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protesters mark two years now since the former president hosni mubarak was forced from power and now people seem to, some of them anyway, want to see another overthrow happen on the streets of egypt. conor powell is following all of these developments for us. good morning, conor. >> reporter: well, martha, it has been six days of growing protests and violent riots. now the anger on the street really stems from the slow pace of political and economic reform. on sunday night the current president, mohammed morsi, declared martial law in three cities, including suez, the major shipping hub. he defended the emergency law calling it necessarily but it is eerily similar to the ones imposed on egyptians for the three decade long rule of angelo mozilo, -- hosni mubarak, former strong man. they were taking to the streets protesting against the moresy government. egyptians say morsi is becoming another hosni mubarak with islamic face. martha, morsi offered a hand to the opposition to engage in dialogue. that offer was quickly rejected. martha: how is the military responding to all of this, con
demonstrators first took to the streets in a bid to kick then president hosni mubarak out of office. [shouting]. listen to that. many in the crowd saying that the goals of the pro-democracy uprising have not been met and denouncing their new islamist president. conor powell joins us live in the middle east bureau. he has followed this story for the last couple of years. what are they demanding now conor? >> reporter: martha, the anger and frustration of protesters are on display. thousands of protesters across the country have turned out but the largest protests have been in cairo ticks larly -- particularly in tahrir square. it is not the type of violence we've seen in other protests. now the protesters are essentially saying that the revolution of two years ago has been hijacked, particularly by the muslim brotherhood who is now in power, led by president mohammed morsi. the protesters and the opposition groups are particularly concerned they feel the government is no longer or not working on the part of all egyptians. they really want a government that is seen being on side of al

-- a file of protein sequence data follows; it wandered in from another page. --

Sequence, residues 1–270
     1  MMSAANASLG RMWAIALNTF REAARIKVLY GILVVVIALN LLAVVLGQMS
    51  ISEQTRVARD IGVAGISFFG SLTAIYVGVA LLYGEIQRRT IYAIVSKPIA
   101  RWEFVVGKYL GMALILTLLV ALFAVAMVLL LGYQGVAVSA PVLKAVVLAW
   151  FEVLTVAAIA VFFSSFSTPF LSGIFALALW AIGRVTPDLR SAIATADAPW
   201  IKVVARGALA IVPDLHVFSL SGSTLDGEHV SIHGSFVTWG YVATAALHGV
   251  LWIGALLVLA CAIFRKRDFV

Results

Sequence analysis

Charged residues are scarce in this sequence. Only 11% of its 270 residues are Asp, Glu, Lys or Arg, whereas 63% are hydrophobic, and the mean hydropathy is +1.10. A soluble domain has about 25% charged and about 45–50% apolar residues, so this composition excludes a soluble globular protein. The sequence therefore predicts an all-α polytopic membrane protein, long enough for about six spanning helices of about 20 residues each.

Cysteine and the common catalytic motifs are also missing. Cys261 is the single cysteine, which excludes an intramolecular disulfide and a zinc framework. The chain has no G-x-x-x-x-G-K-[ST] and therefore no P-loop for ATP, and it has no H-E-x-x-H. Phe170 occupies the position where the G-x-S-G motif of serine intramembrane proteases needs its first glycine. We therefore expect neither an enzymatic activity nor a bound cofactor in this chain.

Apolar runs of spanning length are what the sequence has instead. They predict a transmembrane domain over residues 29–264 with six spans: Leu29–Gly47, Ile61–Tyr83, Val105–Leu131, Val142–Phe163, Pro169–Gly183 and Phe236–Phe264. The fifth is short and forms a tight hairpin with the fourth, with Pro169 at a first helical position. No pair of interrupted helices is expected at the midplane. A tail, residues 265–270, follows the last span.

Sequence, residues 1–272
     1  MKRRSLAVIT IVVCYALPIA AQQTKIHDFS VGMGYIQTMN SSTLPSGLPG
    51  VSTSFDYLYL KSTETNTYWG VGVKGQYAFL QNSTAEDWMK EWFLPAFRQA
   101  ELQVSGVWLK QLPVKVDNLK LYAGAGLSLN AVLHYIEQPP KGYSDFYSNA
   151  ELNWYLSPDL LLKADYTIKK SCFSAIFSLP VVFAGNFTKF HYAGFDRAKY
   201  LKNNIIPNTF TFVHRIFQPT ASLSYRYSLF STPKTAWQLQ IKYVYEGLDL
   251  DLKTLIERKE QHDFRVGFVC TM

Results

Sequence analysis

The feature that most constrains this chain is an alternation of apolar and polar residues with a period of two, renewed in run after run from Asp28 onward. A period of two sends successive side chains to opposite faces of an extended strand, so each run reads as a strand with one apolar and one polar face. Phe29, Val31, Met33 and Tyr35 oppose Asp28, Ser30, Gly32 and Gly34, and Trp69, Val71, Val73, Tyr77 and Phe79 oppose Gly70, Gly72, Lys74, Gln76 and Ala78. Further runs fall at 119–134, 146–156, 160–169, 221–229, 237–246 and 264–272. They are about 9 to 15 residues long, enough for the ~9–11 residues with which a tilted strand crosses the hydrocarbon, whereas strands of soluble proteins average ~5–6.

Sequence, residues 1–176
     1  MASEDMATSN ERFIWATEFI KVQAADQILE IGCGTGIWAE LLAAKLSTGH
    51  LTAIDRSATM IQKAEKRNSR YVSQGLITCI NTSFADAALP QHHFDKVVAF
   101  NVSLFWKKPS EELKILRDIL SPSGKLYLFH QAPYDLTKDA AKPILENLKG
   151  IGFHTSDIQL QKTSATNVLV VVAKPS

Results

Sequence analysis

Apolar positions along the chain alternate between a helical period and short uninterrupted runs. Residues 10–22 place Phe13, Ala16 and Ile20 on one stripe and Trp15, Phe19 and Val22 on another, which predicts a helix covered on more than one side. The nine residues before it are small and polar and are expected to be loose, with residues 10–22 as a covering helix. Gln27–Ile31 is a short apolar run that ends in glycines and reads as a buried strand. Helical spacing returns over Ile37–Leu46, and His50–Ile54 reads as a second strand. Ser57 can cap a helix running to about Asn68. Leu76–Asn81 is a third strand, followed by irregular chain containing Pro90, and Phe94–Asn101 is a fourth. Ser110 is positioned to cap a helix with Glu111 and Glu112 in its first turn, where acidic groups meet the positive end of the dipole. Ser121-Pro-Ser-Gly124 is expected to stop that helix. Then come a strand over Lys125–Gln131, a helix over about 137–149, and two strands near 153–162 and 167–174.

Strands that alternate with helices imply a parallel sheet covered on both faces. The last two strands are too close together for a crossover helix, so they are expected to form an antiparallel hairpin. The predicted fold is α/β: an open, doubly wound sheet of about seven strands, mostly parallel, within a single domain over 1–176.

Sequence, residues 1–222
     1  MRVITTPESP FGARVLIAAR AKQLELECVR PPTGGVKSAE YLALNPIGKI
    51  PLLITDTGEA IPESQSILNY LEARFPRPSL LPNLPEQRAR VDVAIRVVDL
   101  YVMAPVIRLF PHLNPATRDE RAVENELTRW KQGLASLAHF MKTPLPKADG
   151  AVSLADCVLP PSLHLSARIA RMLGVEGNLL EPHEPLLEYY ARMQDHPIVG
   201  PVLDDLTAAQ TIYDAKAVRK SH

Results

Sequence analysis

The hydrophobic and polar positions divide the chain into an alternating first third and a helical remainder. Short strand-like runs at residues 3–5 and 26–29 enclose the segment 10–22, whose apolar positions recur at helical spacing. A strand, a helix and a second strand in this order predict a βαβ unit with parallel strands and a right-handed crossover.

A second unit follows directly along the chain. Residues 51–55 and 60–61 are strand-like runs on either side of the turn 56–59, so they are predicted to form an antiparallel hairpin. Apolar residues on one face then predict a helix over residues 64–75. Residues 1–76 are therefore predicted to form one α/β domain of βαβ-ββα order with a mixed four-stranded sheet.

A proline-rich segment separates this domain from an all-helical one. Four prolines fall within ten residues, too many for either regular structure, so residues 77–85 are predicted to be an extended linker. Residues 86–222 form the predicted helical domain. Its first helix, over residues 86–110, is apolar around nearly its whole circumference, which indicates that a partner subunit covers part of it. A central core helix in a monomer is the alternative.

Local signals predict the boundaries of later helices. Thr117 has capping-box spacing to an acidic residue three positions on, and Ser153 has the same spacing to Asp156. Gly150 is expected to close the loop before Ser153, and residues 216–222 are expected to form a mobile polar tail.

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wouldn't even discuss and debate because we made a deal in 2009, 2010 with the hosni mubarak government who their former president hosni mubarak is in jail with his sons and most of his cabinet. the people who made this deal with the united states are in jail, there was a revolution, there is a new constitution, it happens to be islamist in the muslim brotherhood leading, it's a different place, this is a different agreement. if they want this we have the time here to say, you need to agree to the same peace agreements, you need to prove to us that you're going to commit to what the regime before you did to get this kind of weaponry. it's the muslim brotherhood here, it's a sharia dictatorship is what morsi is trying to start. heather: the first delivery would be january 22nd, say the weapons get there, then what happens to those weapons? is there any guarantee they won't be used against american interests, their own people there in egypt or israel? >> there is no guarantee whatsoever. i give jordan and oeus organization and his organization to beat the trupl and get out ahead on this.
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